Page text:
Civil conflict has been of grave concern since the overthrow of the 21 year reign of the Siad Barre government in 1991. In the breakdown of the state, Somalia has suffered economic collapse and the volatile conditions continue to put the people at risk for human rights violations and mass atrocities. At this time, there is no effective form of government or justice system.
One component to the instability in the region is the fighting between the pro-government forces and armed Islamist groups. There are more than two million displaced persons, many of whom have been forced to seek refuge in neighboring countries. Armed groups have restricted and even denied help from agencies trying to offer aid to the civilian and displaced populations. Additionally, there is danger of abduction and killings to journalists, human rights activists as well as humanitarian workers from armed groups that control the southern and central regions of Somalia.
Human Rights Violations by Armed Groups
Armed groups use heavy weapons and mortars against both combatants and civilians.As a result, women and children are the primary victims of such attacks. In the capital of Mogadishu, schools have closed out of the fear of these types of attacks. There have been public executions and torture (including stoning to death, amputations and floggings) carried out by the pseudo-judicial bodies with ties to the armed groups. There is no sense of valid legal representation for the victims and no possibility for appeal.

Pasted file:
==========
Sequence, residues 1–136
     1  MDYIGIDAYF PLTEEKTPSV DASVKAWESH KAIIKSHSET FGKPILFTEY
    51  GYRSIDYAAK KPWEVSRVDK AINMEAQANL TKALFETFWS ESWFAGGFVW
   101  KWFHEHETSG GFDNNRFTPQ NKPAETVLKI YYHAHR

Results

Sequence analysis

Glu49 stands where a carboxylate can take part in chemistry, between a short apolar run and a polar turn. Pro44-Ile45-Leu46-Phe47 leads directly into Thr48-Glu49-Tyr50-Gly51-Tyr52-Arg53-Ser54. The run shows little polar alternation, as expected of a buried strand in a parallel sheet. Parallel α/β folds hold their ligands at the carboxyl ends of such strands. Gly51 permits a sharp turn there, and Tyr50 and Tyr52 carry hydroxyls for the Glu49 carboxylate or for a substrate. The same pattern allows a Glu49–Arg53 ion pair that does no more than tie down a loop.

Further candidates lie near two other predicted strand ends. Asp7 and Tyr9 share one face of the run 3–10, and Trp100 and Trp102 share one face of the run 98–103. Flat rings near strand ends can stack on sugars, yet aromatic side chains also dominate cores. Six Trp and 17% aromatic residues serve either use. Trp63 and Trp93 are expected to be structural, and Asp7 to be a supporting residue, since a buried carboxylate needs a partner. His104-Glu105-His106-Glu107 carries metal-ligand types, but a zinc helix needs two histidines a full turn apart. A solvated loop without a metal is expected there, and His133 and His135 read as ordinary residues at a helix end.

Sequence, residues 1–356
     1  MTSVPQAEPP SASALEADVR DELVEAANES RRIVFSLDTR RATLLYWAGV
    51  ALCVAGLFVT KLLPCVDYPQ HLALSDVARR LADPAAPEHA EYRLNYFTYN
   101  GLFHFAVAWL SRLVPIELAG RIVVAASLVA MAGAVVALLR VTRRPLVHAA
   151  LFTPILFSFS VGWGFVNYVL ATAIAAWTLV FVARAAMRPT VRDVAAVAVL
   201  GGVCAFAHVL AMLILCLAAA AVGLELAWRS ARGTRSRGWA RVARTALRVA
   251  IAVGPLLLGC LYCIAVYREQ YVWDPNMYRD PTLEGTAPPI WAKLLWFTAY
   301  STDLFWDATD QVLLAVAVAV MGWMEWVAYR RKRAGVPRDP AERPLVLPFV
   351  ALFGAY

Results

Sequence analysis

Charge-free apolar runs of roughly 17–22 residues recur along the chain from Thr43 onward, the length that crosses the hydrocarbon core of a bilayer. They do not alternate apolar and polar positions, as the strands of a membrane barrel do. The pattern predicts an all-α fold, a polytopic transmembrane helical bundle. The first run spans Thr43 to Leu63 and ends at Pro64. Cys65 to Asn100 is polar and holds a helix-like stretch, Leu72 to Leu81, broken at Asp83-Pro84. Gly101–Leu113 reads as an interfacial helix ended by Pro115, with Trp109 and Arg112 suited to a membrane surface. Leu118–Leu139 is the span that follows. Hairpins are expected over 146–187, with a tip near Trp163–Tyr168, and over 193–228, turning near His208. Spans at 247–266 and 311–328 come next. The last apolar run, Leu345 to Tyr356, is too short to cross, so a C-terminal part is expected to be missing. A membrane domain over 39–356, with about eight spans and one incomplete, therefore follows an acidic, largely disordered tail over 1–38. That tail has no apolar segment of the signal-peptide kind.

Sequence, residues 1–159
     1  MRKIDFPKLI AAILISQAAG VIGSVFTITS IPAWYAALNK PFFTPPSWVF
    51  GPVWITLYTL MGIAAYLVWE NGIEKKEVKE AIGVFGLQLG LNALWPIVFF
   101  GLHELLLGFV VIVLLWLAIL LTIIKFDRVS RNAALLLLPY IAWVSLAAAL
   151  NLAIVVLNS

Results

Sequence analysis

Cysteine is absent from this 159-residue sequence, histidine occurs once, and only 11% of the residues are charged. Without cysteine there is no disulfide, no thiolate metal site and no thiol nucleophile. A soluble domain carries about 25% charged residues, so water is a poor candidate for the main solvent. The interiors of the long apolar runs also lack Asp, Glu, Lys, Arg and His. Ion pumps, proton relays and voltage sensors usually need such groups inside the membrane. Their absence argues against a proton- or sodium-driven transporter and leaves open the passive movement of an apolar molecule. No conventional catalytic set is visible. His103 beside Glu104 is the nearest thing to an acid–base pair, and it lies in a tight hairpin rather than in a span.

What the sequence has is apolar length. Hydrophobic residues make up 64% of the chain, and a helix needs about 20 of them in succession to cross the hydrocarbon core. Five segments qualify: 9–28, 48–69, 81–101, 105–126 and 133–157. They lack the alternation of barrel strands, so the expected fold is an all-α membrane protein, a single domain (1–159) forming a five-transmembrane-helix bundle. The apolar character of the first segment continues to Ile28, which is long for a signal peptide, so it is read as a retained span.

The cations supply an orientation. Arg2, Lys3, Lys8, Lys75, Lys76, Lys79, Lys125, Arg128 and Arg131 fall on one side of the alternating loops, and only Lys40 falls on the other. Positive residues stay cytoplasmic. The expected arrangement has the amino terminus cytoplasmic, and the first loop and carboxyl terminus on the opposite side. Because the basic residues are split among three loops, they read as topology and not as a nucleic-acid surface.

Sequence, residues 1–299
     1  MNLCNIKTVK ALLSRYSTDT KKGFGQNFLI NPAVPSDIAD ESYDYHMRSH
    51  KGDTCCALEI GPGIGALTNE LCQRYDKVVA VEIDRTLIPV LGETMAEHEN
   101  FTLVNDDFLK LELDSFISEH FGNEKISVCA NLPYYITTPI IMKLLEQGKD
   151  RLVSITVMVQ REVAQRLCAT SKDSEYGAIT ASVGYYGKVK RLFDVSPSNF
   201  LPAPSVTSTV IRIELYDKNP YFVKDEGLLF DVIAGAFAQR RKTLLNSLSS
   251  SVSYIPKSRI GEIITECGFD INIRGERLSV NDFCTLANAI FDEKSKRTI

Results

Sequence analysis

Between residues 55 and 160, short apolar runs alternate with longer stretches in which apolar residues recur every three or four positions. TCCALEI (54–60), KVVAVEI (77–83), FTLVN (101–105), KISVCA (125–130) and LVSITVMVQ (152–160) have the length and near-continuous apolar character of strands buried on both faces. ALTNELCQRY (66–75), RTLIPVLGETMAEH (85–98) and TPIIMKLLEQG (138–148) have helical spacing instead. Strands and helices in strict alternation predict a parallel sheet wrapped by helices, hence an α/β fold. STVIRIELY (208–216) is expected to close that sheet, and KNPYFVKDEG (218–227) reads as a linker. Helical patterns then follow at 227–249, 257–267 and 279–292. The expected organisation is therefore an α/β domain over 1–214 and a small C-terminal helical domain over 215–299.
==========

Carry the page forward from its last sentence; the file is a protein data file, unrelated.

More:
Armed groups seem to target anyone who does not conform to the group’s interpretation of Islamic law. There are strict restrictive dress codes imposed on women, with public flogging as the most used form of punishment. The use of children as soldiers by the armed groups has become a common occurrence. Boys as young as nine years old are forced to fight alongside men. Young girls are forced to perform domestic services for the al-Shabab military, even forced to marry group members.
The survival of people in the central and southern regions of Somalia is dependent upon humanitarian aid – aid that is being diverted by armed groups, particularly al-Shabab. Organizations such as the World Food Programme (WFP) and UNICEF have been prevented from providing aid to the Somali people, especially women and children. Armed groups claim that the national and international humanitarian groups are “spying” and refuse allow the aid to pass. UN studies show that there are more than two million Somalis in urgent need of aid and malnourishment affects at least one in six children.
Over one and a half million people have been internally displaced (IDP).Refugee camps are over-burdened and over-populated, most of which do not have adequate supplies including medical aid; food, water, shelter or programs to help the displaced. Reportedly, more than one hundred thousand have fled to other countries only to be returned to the southern and central regions of Somalia.
Since the collapse of the state in 1991, armed piracy off the coast of Somalia is the result of years of armed conflict and economic deficiency. The UN Monitoring Group on Somalia report that easy access to weapons with money used from kidnappings and ransoms, keep the pirates well armed. Armed pirates not only threaten the life and safety of maritime crews, but they also prevent humanitarian aid from reaching Somalia and in the process are also responsible for arms embargo violations. By definition, Somalia is categorized as an ongoing genocide state.
Featured Image: Bakaraweyne IDP settlement in Baidoa, Somalia. Courtesy of Danish Refugee Council/Axel Fassio, December 2014.